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* * *
"Hello? Who is this?" An unseen child screams petulantly in the background.
"Hello, Ma'am. Am I speaking to Mrs. Vondracek?"
"Yes..." The child keeps screaming. Away from her end of the receiver, the voice says, "DAMN IT, MAGGIE! I'LL BE RIGHT THERE!" Then again, to the receiver. "Who is this."
"Yes. Hello. My name is Michael Bix, from Apex Telemarketing, on behalf..."
"You, sir, have got a lot of nerve. I don't want anything. I don't have _time_ for this..."
"I understand that, Ma'am. If I could just have a minute of your time..."
"No! No, you may not have a minute of my time. And you can tell your goddamn company that I am _never_ going to be interested in giving any more of my time. Do you realize-"
"MOMMY! MOMMY! TIMMY TOOK MY DOLLY AN' HE WON' GIVE IT BACK AN'-"
"TIMMY, YOU GIVE YOUR..." Exasperated grunt. "Look you. I don't want _any_ of you _ever_ calling me _again_. Do I make myself-"
"Ma'am, I'll certainly make a note of it to my-"
"MOMMY! MOMMY! HE'S PULLING OUT HER EYEBROWS-"
"DAMNIT, TIMMY!" And then, to the phone. "And damn you, too."
"I'm really sorry, Ma'am. This is just my j-"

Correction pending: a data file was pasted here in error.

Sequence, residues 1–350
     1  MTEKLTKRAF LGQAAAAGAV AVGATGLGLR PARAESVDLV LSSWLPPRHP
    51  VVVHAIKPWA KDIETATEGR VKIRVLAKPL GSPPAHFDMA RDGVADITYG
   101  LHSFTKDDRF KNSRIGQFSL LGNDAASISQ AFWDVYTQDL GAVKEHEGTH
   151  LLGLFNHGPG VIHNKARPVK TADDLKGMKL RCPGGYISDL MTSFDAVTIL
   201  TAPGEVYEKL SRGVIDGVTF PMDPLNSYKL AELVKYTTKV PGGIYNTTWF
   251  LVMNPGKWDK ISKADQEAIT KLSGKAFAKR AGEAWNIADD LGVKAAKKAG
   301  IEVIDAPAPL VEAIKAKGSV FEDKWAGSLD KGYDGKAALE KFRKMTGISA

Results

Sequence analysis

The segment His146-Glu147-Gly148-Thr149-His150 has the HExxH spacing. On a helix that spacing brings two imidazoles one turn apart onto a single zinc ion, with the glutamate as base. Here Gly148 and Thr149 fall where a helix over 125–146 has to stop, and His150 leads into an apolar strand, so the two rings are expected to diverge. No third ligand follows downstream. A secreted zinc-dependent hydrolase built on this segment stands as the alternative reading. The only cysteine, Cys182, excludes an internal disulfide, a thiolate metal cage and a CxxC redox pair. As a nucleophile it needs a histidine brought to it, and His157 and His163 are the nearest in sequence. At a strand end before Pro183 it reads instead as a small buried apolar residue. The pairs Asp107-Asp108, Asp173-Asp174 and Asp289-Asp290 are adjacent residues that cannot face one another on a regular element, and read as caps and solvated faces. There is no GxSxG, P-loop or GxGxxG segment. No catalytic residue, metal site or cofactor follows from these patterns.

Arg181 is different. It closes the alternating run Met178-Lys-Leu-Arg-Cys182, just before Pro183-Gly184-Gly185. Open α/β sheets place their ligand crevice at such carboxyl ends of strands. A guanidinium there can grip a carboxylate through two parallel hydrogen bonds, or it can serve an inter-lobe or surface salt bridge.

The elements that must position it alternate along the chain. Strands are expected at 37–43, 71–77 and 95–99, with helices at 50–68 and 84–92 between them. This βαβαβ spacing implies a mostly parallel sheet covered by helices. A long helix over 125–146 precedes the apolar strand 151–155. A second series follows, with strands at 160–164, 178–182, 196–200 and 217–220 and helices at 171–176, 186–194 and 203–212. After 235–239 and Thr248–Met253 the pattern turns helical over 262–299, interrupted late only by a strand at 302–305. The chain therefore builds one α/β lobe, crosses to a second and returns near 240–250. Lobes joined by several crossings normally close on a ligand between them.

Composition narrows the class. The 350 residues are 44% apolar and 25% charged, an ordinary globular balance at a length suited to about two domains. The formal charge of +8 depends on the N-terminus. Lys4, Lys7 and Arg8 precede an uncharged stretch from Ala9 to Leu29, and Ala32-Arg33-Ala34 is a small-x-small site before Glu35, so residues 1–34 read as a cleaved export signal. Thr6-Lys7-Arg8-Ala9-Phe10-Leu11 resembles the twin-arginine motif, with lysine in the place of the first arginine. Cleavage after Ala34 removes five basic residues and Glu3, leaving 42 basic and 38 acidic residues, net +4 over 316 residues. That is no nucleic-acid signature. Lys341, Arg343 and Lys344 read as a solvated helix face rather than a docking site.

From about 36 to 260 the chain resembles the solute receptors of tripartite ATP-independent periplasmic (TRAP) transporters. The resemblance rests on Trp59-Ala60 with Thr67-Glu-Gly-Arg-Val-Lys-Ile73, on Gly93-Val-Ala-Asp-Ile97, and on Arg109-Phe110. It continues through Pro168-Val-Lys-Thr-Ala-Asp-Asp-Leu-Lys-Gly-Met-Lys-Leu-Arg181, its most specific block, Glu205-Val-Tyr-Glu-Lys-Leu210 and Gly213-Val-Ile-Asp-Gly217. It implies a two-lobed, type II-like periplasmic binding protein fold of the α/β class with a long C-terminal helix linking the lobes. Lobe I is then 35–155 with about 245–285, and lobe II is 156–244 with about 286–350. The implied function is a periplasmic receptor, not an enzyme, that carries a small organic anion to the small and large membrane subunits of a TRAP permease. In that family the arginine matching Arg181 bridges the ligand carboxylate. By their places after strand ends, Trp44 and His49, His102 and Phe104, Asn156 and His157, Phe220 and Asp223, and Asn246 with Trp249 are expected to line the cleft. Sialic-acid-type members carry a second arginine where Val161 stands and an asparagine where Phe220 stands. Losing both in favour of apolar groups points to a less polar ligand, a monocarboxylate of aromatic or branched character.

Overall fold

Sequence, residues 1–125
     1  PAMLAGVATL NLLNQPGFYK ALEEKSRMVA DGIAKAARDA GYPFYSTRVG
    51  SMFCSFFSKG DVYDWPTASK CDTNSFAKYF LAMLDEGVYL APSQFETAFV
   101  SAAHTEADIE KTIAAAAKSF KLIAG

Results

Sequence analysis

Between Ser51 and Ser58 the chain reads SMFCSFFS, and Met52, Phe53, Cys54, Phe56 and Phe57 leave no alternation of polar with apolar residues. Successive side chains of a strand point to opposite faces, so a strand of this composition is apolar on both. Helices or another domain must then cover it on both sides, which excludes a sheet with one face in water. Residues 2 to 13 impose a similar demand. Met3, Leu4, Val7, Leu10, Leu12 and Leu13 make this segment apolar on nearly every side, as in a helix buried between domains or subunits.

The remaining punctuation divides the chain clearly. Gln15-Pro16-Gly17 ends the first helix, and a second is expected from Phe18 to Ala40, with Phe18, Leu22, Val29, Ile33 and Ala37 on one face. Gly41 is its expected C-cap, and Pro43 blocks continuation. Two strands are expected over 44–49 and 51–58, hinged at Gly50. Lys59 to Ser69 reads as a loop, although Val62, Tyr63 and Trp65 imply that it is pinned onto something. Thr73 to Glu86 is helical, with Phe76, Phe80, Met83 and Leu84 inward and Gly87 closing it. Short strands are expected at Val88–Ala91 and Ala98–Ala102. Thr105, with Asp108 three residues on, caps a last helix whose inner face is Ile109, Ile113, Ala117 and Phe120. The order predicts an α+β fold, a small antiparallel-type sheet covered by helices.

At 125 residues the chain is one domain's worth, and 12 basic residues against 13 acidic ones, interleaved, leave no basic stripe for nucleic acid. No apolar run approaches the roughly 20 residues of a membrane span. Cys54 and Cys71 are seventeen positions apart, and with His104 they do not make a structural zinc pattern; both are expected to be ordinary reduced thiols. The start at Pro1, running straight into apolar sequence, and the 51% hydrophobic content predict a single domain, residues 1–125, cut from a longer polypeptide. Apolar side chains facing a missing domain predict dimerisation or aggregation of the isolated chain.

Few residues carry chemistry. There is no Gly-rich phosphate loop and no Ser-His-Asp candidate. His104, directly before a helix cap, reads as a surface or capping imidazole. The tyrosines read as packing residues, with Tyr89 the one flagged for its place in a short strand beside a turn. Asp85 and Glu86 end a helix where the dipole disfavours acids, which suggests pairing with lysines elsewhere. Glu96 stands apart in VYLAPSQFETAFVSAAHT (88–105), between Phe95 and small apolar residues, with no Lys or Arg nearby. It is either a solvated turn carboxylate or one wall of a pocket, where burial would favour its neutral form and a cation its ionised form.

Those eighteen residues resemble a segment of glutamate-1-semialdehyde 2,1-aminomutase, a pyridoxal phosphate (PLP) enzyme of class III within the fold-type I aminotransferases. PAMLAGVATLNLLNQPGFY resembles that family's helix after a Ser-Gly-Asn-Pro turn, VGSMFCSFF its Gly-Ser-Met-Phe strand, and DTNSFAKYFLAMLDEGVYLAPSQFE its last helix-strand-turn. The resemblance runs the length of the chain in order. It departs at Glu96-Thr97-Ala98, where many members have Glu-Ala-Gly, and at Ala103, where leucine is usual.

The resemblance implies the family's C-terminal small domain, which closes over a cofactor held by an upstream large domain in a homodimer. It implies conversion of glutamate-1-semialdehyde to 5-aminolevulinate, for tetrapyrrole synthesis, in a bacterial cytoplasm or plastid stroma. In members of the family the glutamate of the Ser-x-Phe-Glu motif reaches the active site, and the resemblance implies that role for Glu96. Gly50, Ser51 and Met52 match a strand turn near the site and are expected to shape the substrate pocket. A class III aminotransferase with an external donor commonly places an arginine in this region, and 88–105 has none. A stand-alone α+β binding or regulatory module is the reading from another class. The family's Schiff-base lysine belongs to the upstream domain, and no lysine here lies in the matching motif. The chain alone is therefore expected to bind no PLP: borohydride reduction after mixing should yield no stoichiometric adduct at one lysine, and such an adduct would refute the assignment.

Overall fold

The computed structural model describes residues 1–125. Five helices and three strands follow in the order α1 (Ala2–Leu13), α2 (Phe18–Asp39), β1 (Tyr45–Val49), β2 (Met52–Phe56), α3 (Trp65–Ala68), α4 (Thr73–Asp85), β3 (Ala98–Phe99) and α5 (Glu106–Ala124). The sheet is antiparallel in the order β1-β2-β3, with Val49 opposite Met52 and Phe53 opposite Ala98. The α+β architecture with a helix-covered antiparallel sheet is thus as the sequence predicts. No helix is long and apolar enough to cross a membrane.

Michael slumps against his desk. Only call number twenty-seven of the day. And plenty more to go. He carefully records a "Not Interested" response on the log sheet.
After a fashion, Michael considers, Murph was right. In a way, it's refreshing to know that one would be treated this way _regardless_ of any personal considerations. Unconditional Negative Regard. But it drains on you. And already, Michael is looking forward to his one reliable form of relaxation at the end of the day. With this thought in mind, Michael consults his log sheet, clicks the "talk" switch, and dials the next number. Call twenty-eight.
* * *
Michael is drunk.
"Damn it, Michael! I hate it when you do this! You told me, 'never again!' D'you remember that, Michael?"
Michael mutters something. Not even modern voice-recognition software could decipher it, even were Jenny to have some on hand.
"This has got to stop."
A moment's pause. And then the sound of crying.
"You're not getting out of this that way again..."
The crying continues.
"I mean it!"
Again, the crying. There is a moment's pause.
Tail patently hung between his legs, Michael Bix crawls over to Jenny and rests his chin on her knee. Seizing hold of an ancient memory that has connected men and canines for thousands upon thousands of generations, she scritches him behind the ears.
"Don't do this to me anymore, Michael."
There is a brief murmur of assent.
"Don't do this to me. I can't... take it..."
Again, the murmur.
He does so.
* * *
This is one I really didn't want to have to see.